>>> So is there any translation program then to take code for the previous
    >>> standard and upgrade it to work with C11 (replace gets by fgets etc)?

    >>
    >> fgets() isn't a straight replacement for gets(). The end-of-line
    >> handling is different. I also suspect the "translation program" would
    >> have to read your mind in some cases in order to get the buffer size
    >> right for fgets(). Do you use gets() a lot, or use programs that do?

    >
    > If you simply must get your gets-containing code to run today, you can
    > use:
    >
    > #define gets(s) (scanf("%[^\n]%*c", (s)) == 1 ? (s) : NULL)
    >
    > but you should fix it tomorrow! (Not you personally, of course, but
    > "one" is sometimes too formal for Usenet).


    Does that mean that the identifier gets has been returned to the user's
    namespace? That sounds like a recipe for confusion if people try to mix
    old code with C11 code that uses gets for something unrelated to the
    original function.

    //QP
    Quentin Pope, Feb 21, 2012
    #17
  18. Lord Voldermort

    James Kuyper Guest

    Re: Has Implicit Int been disabled in the new C11 standard? Whatabout other previously depreciated constructions eg gets?

    On 02/21/2012 02:51 PM, Quentin Pope wrote:
    ....
    > Does that mean that the identifier gets has been returned to the user's
    > namespace? ...


    Yes. In the new standard, gets() is only mentioned in two places:
    Forward: as something that has been removed.
    Footnote 440: as something to compare gets_s() to.

    Therefore, it is no longer counts as one of the identifier referred to
    by 7.1.3p1.

    > ... That sounds like a recipe for confusion if people try to mix
    > old code with C11 code that uses gets for something unrelated to the
    > original function.


    True, but all of the other reserved identifiers are either generically
    reserved to implementation for certain purposes, specifically reserved
    for current standard-defined uses, or specifically reserved in
    anticipation of future standard-defined uses. There's no precedent for
    adding a specific obsolete identifier to the reserved list - and this
    version of the standard establishes a precedent for not doing so.

    For the next decade or two, any decent C2011+ compiler will probably
    have an option that warns about user-provided definitions of 'gets', but
    I wouldn't recommend counting on that in the long-term.
    James Kuyper, Feb 21, 2012
    #18
  19. Lord Voldermort

    Jens Gustedt Guest

    Re: Has Implicit Int been disabled in the new C11 standard? Whatabout other previously depreciated constructions eg gets?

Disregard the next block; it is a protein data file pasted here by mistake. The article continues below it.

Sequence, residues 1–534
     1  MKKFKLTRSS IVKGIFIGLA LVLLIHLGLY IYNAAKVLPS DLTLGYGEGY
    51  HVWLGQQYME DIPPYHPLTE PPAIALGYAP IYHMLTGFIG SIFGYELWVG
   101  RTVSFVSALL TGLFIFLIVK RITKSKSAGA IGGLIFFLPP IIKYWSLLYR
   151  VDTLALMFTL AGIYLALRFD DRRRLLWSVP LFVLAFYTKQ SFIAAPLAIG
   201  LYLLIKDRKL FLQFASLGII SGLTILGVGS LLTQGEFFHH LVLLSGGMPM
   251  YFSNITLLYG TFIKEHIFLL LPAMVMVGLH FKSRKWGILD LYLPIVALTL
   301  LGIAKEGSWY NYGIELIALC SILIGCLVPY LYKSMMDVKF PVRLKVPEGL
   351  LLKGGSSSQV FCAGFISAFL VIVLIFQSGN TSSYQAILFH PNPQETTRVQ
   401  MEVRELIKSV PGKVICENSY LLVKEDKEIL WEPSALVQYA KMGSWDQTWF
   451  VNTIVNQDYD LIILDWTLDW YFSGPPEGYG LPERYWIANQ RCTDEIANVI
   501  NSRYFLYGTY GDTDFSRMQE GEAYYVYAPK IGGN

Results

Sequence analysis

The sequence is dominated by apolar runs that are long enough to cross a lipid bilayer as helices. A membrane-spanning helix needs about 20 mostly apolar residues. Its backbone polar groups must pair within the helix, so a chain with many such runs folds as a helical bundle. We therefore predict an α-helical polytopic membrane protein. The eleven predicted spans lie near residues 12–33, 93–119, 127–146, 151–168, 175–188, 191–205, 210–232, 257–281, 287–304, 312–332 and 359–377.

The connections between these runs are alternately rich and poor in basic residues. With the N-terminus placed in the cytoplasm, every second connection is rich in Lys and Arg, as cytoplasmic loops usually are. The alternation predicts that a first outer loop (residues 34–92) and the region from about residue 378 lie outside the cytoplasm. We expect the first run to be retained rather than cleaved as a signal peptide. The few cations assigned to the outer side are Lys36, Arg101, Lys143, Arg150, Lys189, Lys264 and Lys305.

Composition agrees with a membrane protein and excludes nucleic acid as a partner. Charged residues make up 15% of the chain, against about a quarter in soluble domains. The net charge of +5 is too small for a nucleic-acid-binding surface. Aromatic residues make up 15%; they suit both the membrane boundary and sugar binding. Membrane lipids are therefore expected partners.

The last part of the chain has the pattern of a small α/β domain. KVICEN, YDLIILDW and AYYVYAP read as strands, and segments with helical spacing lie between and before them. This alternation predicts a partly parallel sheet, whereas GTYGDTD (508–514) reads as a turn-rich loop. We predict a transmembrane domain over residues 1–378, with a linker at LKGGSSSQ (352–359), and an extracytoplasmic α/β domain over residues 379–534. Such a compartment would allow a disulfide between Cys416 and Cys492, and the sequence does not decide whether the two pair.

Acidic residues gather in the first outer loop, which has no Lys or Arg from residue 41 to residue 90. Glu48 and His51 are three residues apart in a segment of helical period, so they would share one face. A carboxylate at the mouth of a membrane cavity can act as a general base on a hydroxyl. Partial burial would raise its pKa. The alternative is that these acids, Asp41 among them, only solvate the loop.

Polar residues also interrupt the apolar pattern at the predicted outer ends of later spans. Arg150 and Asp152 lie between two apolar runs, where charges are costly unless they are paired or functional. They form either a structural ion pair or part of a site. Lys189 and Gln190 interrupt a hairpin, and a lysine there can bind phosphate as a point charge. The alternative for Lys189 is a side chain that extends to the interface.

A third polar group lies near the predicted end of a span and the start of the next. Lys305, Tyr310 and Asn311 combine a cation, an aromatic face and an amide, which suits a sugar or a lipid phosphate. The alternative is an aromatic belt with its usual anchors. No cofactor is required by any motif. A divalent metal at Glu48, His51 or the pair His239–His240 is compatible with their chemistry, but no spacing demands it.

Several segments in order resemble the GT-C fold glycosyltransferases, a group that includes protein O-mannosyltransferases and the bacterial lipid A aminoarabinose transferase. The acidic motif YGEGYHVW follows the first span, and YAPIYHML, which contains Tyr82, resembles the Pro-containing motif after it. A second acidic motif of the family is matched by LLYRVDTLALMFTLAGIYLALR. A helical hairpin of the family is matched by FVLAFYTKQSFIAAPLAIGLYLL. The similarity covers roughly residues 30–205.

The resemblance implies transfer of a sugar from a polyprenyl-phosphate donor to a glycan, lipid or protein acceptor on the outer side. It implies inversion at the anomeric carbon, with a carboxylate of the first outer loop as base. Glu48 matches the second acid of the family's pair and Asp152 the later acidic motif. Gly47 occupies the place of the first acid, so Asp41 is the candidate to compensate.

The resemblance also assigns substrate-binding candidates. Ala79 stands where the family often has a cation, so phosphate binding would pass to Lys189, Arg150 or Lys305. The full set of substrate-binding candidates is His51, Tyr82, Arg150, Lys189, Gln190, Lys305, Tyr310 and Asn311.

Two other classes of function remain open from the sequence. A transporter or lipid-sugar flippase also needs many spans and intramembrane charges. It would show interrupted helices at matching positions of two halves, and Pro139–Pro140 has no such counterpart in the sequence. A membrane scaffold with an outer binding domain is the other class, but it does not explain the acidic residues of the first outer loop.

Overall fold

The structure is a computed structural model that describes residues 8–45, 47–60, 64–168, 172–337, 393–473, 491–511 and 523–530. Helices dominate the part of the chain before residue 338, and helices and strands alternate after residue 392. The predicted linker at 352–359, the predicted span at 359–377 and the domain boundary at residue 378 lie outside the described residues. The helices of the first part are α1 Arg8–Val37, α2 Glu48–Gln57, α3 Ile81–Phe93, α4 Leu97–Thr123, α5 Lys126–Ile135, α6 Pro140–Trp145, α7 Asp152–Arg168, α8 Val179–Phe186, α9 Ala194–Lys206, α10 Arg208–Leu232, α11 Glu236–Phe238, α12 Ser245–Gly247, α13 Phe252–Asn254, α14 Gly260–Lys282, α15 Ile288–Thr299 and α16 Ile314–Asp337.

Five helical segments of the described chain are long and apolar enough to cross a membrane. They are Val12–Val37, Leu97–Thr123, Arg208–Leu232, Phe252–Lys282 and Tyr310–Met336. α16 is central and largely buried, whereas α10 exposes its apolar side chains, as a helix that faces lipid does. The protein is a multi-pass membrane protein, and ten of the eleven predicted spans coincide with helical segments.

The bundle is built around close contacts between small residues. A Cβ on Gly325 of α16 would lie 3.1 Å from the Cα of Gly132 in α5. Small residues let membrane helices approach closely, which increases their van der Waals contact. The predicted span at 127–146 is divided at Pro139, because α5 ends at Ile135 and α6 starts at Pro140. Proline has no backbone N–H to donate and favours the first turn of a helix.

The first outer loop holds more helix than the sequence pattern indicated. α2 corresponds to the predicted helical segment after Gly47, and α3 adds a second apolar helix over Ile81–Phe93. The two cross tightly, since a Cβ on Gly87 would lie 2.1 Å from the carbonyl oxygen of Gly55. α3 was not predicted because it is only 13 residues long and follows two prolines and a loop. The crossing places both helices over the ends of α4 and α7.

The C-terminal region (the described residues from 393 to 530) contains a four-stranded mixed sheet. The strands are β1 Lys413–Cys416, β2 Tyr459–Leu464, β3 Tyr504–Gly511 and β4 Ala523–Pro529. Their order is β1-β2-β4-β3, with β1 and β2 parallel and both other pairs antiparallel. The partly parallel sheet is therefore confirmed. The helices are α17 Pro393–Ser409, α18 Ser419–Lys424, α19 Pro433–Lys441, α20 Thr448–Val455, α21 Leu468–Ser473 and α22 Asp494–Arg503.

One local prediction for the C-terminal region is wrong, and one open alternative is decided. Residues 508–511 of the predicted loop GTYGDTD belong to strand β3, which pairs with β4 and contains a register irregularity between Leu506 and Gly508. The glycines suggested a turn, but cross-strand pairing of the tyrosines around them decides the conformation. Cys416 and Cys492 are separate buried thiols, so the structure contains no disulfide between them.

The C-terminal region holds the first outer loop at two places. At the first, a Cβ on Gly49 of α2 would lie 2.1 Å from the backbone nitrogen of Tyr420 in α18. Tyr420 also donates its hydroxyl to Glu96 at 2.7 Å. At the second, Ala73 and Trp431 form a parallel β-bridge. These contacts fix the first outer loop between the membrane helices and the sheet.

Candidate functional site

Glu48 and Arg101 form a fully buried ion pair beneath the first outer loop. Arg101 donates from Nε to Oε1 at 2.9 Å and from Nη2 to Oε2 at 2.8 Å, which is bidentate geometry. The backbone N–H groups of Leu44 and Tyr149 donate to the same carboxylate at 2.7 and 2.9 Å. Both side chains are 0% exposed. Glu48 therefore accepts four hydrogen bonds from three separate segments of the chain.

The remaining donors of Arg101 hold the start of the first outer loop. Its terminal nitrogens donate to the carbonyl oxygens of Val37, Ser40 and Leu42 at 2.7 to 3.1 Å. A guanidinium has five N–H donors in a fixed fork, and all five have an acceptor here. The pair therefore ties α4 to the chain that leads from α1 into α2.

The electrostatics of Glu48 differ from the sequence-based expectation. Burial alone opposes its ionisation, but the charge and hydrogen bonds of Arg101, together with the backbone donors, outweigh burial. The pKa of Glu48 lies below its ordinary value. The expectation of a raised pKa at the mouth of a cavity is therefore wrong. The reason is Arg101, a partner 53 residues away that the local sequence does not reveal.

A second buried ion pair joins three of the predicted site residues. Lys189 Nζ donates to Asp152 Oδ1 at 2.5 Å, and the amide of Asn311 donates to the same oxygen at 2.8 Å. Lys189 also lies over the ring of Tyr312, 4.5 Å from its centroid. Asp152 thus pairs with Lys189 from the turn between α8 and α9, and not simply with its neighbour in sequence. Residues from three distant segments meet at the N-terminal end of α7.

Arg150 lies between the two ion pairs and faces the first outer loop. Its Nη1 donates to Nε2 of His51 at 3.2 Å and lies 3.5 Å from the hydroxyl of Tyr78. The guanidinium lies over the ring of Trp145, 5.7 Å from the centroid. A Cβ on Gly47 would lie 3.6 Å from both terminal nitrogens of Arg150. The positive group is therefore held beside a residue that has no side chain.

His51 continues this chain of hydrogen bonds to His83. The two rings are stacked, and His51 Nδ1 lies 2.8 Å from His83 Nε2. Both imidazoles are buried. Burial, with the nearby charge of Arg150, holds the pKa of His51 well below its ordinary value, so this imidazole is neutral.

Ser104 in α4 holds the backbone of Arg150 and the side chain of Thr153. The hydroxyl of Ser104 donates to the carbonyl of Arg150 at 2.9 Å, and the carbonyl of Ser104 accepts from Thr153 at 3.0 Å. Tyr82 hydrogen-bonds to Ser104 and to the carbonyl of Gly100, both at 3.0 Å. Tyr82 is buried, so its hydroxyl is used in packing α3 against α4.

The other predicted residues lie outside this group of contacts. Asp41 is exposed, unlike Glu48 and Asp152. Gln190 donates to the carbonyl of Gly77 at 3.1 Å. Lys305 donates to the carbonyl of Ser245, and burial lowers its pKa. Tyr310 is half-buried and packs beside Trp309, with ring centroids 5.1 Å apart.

Hello,

    Am 02/21/2012 09:11 PM, schrieb James Kuyper:
    > On 02/21/2012 02:51 PM, Quentin Pope wrote:
    > ...
    >> Does that mean that the identifier gets has been returned to the user's
    >> namespace? ...

    >
    > Yes. ...
    >
    > For the next decade or two, any decent C2011+ compiler will probably
    > have an option that warns about user-provided definitions of 'gets', but
    > I wouldn't recommend counting on that in the long-term.


    Probably this is just something that nobody thought about, since it
    never happened before. Sounds like a good point for a DR.

    Jens
    Jens Gustedt, Feb 22, 2012
    #19
  20. Re: Has Implicit Int been disabled in the new C11 standard? What about other previously depreciated constructions eg gets?

    Jens Gustedt <> writes:
    > Am 02/21/2012 09:11 PM, schrieb James Kuyper:
    >> On 02/21/2012 02:51 PM, Quentin Pope wrote:
    >> ...
    >>> Does that mean that the identifier gets has been returned to the user's
    >>> namespace? ...

    >>
    >> Yes. ...
    >>
    >> For the next decade or two, any decent C2011+ compiler will probably
    >> have an option that warns about user-provided definitions of 'gets', but
    >> I wouldn't recommend counting on that in the long-term.

    >
    > Probably this is just something that nobody thought about, since it
    > never happened before. Sounds like a good point for a DR.


    It's unlikely that nobody thought about it. I seem to recall it being
    discussed in comp.std.c.

    --
    Keith Thompson (The_Other_Keith) <http://www.ghoti.net/~kst>
    Will write code for food.
    "We must do something. This is something. Therefore, we must do this."
    -- Antony Jay and Jonathan Lynn, "Yes Minister"
    Keith Thompson, Feb 22, 2012
    #20